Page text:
Why the next King James would be James VIII and ‘first’ King Alexander, Alexander IV

      
  Editor-in-Chief
Posted: 5 August 2013 10:49 am

Edited by: Martin | Spotted An Error?

King James VI became King James I of England in 1603, creating the personal union between the English and Scottish thrones.

King James VI became King James I of England in 1603, creating the personal union between the English and Scottish thrones.

The British Monarchy was formed when King James VI of Scotland inherited the throne of England in 1603. Prior to that, Kings and Queens of England and Scotland had reigned separately. When King James came to the throne of England, he became known as King James I & VI (the first of England and sixth of Scotland).

From 1603 until 1707, England and Scotland’s thrones remained in ‘personal union’ because the King/Queen of England also was the King/Queen of Scotland – the thrones were linked, but not through law. Where applicable, Monarchs held two regnal numbers – one for England and one for Scotland. For example, King William III was known as King William III & II because whilst he was the third King William of England, he was also the second King William of Scotland.

When the 1707 Act of Union was passed, the Kingdom of Great Britain was created and the practice of two separate regnal numbers being used stopped, coincidentally, for the next few reigns at least, the regnal numbers of Kings and Queens of Britain matched that of Scotland.

Little was heard of the debate from thereon in until the reign of our present Queen when Scotland said because there had never been a Queen Elizabeth of Scotland, the new Queen should be known as Elizabeth I & II, not just Elizabeth II. This debate was risen in Parliament in 1953 and special measures were explained by the Prime Minister, Winston Churchill (which we’ll come onto in a minute).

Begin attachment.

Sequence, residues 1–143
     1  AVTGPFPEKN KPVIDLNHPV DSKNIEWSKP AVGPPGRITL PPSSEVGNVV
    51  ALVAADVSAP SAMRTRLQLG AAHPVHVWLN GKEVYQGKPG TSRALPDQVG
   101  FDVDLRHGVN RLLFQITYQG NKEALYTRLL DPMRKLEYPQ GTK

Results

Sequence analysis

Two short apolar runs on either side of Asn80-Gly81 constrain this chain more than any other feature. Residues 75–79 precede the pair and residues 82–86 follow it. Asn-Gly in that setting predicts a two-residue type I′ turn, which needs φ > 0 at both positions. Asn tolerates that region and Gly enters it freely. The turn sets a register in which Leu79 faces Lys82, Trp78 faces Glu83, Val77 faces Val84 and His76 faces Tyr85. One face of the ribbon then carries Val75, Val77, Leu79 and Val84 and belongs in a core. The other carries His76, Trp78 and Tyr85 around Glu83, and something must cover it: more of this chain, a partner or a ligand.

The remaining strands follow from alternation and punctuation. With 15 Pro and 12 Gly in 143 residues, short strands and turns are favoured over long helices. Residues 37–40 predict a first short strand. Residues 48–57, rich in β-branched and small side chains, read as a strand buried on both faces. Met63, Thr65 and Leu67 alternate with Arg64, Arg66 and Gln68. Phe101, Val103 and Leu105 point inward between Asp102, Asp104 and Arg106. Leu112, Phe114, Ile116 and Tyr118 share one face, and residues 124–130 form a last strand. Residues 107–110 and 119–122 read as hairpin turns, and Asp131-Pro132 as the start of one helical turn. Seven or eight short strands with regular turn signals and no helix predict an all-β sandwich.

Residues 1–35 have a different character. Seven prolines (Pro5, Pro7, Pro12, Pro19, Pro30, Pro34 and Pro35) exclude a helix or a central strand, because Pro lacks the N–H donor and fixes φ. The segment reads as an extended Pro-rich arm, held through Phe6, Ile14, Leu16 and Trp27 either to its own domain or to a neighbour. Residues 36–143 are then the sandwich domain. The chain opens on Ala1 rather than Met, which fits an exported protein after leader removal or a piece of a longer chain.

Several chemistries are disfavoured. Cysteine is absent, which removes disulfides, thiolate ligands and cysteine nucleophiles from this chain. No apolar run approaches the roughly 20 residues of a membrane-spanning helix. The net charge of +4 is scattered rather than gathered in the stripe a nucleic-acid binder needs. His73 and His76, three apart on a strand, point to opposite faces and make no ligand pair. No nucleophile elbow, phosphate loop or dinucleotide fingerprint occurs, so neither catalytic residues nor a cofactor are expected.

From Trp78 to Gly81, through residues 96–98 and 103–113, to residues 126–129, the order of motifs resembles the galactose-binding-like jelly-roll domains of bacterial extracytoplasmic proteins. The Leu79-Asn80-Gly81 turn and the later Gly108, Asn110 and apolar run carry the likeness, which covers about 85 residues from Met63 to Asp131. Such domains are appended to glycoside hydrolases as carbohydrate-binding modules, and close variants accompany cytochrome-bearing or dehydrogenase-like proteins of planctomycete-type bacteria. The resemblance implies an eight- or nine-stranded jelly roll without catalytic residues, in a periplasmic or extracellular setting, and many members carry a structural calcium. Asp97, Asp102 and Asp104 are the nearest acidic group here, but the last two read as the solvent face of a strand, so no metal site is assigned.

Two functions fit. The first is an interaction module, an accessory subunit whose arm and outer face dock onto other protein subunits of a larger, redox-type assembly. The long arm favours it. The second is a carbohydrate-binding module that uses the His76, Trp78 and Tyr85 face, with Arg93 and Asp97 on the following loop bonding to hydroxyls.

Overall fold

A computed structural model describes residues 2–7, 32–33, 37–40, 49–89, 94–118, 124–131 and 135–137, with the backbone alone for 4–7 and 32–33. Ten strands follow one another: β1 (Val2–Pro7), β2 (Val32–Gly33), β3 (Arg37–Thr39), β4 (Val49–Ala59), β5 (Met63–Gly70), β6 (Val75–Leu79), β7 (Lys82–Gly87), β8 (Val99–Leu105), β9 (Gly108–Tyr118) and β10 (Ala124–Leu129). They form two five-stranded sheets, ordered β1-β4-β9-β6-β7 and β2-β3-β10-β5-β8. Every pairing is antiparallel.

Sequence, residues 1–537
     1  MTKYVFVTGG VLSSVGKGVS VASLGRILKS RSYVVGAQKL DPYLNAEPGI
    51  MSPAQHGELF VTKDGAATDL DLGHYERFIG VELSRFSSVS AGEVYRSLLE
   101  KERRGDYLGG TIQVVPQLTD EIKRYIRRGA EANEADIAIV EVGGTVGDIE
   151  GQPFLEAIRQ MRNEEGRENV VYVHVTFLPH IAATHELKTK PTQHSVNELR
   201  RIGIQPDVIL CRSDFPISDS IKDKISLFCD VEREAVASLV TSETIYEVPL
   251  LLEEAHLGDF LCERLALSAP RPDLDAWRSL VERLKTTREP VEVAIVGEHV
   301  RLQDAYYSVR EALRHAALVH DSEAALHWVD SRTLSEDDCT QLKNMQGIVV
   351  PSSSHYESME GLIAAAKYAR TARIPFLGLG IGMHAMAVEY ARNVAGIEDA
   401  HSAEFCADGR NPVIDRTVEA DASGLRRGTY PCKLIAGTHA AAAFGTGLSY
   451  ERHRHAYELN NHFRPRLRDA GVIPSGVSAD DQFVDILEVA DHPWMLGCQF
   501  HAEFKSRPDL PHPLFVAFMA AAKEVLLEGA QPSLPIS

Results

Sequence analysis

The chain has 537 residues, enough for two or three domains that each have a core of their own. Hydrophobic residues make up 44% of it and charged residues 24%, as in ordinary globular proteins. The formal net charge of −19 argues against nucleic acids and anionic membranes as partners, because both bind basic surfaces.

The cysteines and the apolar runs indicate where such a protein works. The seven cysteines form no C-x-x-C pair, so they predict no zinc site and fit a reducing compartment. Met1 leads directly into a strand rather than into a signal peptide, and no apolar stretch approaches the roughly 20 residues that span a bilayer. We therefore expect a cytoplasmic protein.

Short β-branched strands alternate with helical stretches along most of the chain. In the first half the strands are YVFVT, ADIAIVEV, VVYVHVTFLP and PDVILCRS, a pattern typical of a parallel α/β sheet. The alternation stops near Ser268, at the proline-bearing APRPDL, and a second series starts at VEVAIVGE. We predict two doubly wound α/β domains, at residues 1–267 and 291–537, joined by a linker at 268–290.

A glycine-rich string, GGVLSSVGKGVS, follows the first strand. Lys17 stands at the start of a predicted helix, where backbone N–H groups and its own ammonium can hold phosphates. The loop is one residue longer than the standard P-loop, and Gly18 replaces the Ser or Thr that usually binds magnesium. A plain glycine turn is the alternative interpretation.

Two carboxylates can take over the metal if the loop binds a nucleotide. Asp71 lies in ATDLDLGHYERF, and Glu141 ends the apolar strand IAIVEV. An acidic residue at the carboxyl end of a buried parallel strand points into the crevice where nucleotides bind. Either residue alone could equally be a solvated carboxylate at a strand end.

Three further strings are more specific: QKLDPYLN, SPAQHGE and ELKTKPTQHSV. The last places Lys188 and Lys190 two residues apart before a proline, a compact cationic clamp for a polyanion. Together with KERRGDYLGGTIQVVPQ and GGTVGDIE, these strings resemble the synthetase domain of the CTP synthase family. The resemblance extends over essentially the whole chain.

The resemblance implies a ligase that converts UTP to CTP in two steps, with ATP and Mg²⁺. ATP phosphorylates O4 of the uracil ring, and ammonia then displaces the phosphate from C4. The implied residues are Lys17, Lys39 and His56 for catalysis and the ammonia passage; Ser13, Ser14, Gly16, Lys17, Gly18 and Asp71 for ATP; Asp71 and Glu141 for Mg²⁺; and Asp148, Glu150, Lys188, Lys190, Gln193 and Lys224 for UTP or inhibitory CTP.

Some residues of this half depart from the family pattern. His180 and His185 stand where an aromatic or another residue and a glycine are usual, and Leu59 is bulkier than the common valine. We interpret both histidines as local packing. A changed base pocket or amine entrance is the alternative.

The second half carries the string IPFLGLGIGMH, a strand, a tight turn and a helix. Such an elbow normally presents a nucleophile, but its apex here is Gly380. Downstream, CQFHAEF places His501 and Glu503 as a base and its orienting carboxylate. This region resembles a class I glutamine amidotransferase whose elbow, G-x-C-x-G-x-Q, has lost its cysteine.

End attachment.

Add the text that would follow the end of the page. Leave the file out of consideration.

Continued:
Because of this disagreement over the regnal numbering of our Queen, Scotland still refuses to refer to her as Elizabeth II. On Scottish postboxes, for example, it would ordinarily display the Royal Cypher, though because that displays the symbol ‘EIIR’, just the Crown of Scotland is displayed on postboxes and other places which would ordinarily carry the Royal Cypher.

English postbox (left) proudly displays the complete royal cypher with EIIR. Scottish postbox (right) displays just the Crown of Scotland.

English postbox (left) proudly displays the complete royal cypher with EIIR. Scottish postbox (right) displays just the Crown of Scotland.

In fact, this disagreement was so ferocious that the argument is referred to as ‘The Pillar Box War’.

Now, back to how this was settled. on 15th April 1953, Hansard (the document that records what was said in Parliament) recalls that Churchill says, “It would be reasonable and logical to continue to adopt in future whichever numeral in the English or Scottish line were higher. Thus if, for instance, a King Robert or a King James came to the throne he might well be designated by the numeral appropriate to the Scottish succession.”

To put this into basic terms, Kings and Queens of the United Kingdom will, in future, be known by whichever numeral is higher in England or Scotland. For example, if another King James came to the throne, he would be the third King James of England but the eighth King James of Scotland, thus he would be known as King James VIII of the UK. But, if there was for example another King Henry, he would be the first King Henry of Scotland but the ninth of England, making him King Henry IX of the United Kingdom.

In Effect

In effect, though, it so happens that for the next few generations at least, the numerals for Kings of the UK either match in England and Scotland, or the English numeral is higher. For example, Prince Charles should become King Charles III, there have been 2 Kings Charleses in England and Scotland – Prince William should become King William V, where  there have been 5 King Williams of England and 4 of Scotland and Prince George should become George VII, where an equal number have reigned over England and Scotland.